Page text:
Arts journalism a “labour of love” for Sydney Arts Guide Editor David Kary
As the Editor, Publisher and contributing writer to the Sydney Arts Guide, David Kary says he has enjoyed numerous exciting events and that the work is a “labour of love”.
The online publication features articles across the spectrum of the arts with a particular focus on the performing arts. The bulk of the articles comprise listings of upcoming arts events and reviews of current shows and exhibitions, with David acting as the main theatre reviewer.
“My passion is the theatre, and over some thirty years of writing about theatre in Sydney, I have been to some just glorious opening nights,” David says.
“Theatres have only fairly recently returned after the Covid lockdowns and there is no sign yet as to when the after-show parties will return. The main thing is that live shows are back.”
To make up for the lack of live performance over the past two years, Sydney Arts Guide turned its focus to streamed events and book reviews.
After completing a Bachelor Of Creative Arts at Wollongong University with a focus on poetry (his audition was by way of two volumes of poetry), theatre studies and arts journalism, David started writing for a local paper in Maroubra, the Maroubra Messenger, and then went on to write for Stage Whispers for 16 years.
David has now been Editor for the Sydney Arts Guide since 2005, and says the site has over ten regular contributors.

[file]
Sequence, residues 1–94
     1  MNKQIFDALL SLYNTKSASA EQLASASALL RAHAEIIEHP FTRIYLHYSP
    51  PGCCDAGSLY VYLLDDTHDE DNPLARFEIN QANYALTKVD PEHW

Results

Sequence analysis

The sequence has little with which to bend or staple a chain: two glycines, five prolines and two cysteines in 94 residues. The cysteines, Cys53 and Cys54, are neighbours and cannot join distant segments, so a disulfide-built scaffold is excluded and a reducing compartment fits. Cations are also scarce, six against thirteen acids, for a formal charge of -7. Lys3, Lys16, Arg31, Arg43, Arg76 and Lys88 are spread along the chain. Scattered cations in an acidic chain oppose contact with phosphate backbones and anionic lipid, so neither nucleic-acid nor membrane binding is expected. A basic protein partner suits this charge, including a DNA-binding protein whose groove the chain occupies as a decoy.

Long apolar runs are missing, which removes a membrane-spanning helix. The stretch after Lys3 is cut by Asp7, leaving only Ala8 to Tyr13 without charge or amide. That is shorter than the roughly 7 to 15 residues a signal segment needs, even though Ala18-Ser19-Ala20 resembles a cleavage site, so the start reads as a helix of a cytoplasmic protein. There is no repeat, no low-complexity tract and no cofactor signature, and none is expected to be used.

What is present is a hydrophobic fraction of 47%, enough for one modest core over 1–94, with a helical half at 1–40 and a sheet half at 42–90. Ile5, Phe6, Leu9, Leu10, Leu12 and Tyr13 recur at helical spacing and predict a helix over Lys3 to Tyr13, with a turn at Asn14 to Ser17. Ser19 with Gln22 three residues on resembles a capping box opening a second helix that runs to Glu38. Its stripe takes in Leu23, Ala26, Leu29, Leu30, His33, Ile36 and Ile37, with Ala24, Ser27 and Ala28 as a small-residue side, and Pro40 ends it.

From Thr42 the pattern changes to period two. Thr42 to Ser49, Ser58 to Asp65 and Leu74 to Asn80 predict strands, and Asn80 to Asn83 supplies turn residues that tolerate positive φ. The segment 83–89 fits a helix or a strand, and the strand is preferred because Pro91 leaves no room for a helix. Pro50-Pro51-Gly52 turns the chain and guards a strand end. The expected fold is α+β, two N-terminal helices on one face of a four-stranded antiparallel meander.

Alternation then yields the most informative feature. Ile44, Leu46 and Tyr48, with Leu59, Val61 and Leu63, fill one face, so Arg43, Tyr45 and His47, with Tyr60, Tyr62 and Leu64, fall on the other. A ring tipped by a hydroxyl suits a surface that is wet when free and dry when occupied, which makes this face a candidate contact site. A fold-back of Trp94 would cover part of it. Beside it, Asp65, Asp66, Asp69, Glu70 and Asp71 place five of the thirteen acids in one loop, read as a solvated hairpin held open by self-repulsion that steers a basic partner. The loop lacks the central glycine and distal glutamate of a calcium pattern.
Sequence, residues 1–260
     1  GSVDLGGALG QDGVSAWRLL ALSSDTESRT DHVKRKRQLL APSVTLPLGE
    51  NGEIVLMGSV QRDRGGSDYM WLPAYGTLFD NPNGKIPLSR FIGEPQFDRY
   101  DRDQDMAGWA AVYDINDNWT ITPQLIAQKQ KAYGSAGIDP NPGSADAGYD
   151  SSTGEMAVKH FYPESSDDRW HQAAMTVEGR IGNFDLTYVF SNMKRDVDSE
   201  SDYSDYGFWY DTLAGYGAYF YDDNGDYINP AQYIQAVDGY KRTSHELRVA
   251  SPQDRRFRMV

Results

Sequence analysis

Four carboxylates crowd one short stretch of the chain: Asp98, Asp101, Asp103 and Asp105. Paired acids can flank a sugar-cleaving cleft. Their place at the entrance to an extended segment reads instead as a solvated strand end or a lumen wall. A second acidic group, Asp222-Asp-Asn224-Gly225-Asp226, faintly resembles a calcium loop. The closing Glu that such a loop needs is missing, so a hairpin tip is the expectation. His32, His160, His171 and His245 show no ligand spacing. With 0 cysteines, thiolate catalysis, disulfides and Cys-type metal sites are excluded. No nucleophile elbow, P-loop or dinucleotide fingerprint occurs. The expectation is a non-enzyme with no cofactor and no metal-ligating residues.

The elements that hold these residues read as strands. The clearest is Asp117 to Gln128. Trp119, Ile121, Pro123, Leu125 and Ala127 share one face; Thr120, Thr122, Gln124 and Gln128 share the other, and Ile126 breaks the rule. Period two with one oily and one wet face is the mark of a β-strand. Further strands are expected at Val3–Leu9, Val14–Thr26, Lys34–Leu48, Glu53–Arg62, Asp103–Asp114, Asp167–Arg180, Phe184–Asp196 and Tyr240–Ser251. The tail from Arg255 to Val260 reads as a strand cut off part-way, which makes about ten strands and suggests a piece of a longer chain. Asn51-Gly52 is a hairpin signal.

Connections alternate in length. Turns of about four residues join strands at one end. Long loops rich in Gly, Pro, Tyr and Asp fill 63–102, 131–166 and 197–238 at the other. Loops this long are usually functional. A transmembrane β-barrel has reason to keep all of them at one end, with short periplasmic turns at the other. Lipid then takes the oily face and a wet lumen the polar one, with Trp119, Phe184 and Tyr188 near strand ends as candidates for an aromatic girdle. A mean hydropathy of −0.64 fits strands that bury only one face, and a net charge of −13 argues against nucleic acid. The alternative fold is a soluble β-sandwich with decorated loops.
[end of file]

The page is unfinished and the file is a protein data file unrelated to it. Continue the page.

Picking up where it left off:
“The website is truly a labour of love. It now has over 9,000 articles, has had over one million hits and is archived by the National Library Of Australia’s Trove network. The website operates by way of donation, however small, which helps to keep it going,” he says.
“Arts reviewers receive complimentary tickets to events, and that is a big enticement for writers to review productions. My inbox fills up every day with people and organisations wanting coverage.”
“It has been quite a ride so far, and I am going to keep it going for as long as I can”.
David is a proud member of the Australian Journalists Association (AJA), part of the Media Entertainment and Arts Alliance (MEAA) and the Film Critics Circle of Australia (FCCA).
David’s pitching preferences:
“I prefer media releases which are short and concise, to the point, where the information is very clearly outlined. There are a few arts publicists that write very flowery media releases that go two to three pages. That's a lot of work they're putting in, but how many editors have the time to go through it.